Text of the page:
peregrina no more

i quit.

two days into the pilgrimage, i quit.

i quit because my feet were covered in blisters, and because i was scared, and because i was all alone, and because i couldn’t communicate with anyone, and because i really didn’t think i could walk another day, much less ten more.

in the town square in vilarinho, i sat and sobbed as i bandaged my blisters. i called my mom and told her i wanted to come home. she said that i shouldn’t come home – that i should make the most of this time that i had – but that no one was making me do the camino except me, and that if i was ready to quit, i could quit. she and i prayed for god’s help in figuring things out, and in getting safely to my destination.

i asked for directions and was pointed back towards the camino. i shook my head, no, i want to go home, my feet etc. i was told that i could catch a bus back to porto from the square. i sat down to wait, and five minutes later a small portuguese man came over and asked why i was crying. he told me how to get to the metro, and waited with me for 45 minutes, making small talk about the camino, pilgrims, my boyfriend, etc. this was not the first time i had prayed for help and immediately received it – nor has it been the last.

so now, a day later, two days after starting the camino – i am in santiago. i took the metro to porto to what i thought was a train station, another metro to the actual train station, and then the train to vigo, a coastal city in spain. i spent an awful night in vigo, then took the train this morning along the coast – so beautiful – to santiago. i arrived to a cathedral full of pilgrims bearing the compostela, which i would not receive because i didn’t walk far enough.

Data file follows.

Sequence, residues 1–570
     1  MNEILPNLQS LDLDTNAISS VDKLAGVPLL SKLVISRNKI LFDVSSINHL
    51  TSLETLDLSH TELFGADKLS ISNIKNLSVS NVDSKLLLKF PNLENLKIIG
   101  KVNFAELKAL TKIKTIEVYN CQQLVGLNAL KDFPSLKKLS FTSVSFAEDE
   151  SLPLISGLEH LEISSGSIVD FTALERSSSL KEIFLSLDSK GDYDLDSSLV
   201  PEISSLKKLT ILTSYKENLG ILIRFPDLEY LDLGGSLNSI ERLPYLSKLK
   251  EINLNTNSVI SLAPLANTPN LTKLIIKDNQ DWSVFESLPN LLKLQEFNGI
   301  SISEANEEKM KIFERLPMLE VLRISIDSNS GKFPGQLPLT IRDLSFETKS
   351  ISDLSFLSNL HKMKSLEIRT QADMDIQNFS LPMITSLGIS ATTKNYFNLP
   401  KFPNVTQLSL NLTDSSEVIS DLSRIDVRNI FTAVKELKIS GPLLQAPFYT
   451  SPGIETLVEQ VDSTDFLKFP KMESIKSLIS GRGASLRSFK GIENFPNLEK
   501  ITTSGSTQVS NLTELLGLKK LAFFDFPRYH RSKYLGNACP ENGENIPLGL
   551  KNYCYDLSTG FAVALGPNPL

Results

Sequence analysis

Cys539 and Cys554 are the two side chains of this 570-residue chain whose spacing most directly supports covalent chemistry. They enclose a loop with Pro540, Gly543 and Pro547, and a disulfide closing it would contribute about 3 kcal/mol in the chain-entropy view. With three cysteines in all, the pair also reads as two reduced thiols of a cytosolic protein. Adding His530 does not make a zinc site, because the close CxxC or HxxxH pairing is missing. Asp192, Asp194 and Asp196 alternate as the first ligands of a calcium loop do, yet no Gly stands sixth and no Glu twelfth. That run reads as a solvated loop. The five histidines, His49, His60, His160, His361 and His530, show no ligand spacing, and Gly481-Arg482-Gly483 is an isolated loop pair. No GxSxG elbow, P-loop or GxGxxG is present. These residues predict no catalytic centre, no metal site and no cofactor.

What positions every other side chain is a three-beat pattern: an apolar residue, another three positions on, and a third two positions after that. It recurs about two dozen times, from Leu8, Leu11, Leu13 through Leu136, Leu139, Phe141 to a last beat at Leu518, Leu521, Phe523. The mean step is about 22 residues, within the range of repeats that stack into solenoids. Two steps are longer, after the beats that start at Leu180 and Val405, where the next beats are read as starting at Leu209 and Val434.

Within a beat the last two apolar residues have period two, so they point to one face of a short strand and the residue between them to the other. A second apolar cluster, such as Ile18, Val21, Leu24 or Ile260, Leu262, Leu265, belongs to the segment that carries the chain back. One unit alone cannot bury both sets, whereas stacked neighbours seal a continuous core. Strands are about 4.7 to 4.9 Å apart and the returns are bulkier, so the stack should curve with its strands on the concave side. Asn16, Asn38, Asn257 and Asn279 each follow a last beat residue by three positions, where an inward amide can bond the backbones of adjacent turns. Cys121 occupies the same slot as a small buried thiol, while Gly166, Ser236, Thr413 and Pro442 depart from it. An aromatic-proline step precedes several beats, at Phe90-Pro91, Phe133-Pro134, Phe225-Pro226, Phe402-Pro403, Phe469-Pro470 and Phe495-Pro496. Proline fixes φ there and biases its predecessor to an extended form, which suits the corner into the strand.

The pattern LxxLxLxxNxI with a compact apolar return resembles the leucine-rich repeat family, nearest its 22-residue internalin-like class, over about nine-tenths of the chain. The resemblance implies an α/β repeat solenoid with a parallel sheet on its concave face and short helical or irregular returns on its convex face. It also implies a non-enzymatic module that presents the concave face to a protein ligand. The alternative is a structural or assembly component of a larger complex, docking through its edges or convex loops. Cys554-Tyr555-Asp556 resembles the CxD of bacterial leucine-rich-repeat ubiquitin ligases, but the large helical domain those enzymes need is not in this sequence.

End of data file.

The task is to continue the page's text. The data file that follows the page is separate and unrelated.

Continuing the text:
that is ok.

i have learned and grown so much in the last couple of days. putting my life, my safety, and my possessions entirely in god’s hands will do that. i feel closer to him than i perhaps ever have – which probably has a lot to do with the fact that i’ve been able to talk to no one else during the long lonely hours on the train, on the camino, in the hostels by myself. my mom and shane have been amazing – but they can only be there a part of the time, while god was with me crossing the busy highway, in the doorway of the shaded cemetery where i sat down and cried, on the streets of vigo while i frantically looked for a place to stay. he is with me now, in this internet cafe, and will be with me when i make my way to the albergue, and tomorrow on to london.

i don’t know if i understand entirely why this was what i was meant to do – start this road, and then leave it so quickly – but if i retain half of what i’ve learned in the last three days, it will be worth it.

on less spiritual notes, because of the change of plans, i’ll probably be back in the states sooner than originally planned. walking and sleeping and eating in rural spain and portual is much much cheaper than doing the same in london. i hope to connect with an old friend who is currently studying in edinburgh – but if that doesn’t happen, my plans are wide open, reliant only on my ability to speak the language (i’ve learned my lesson) and on my direct deposit from the university.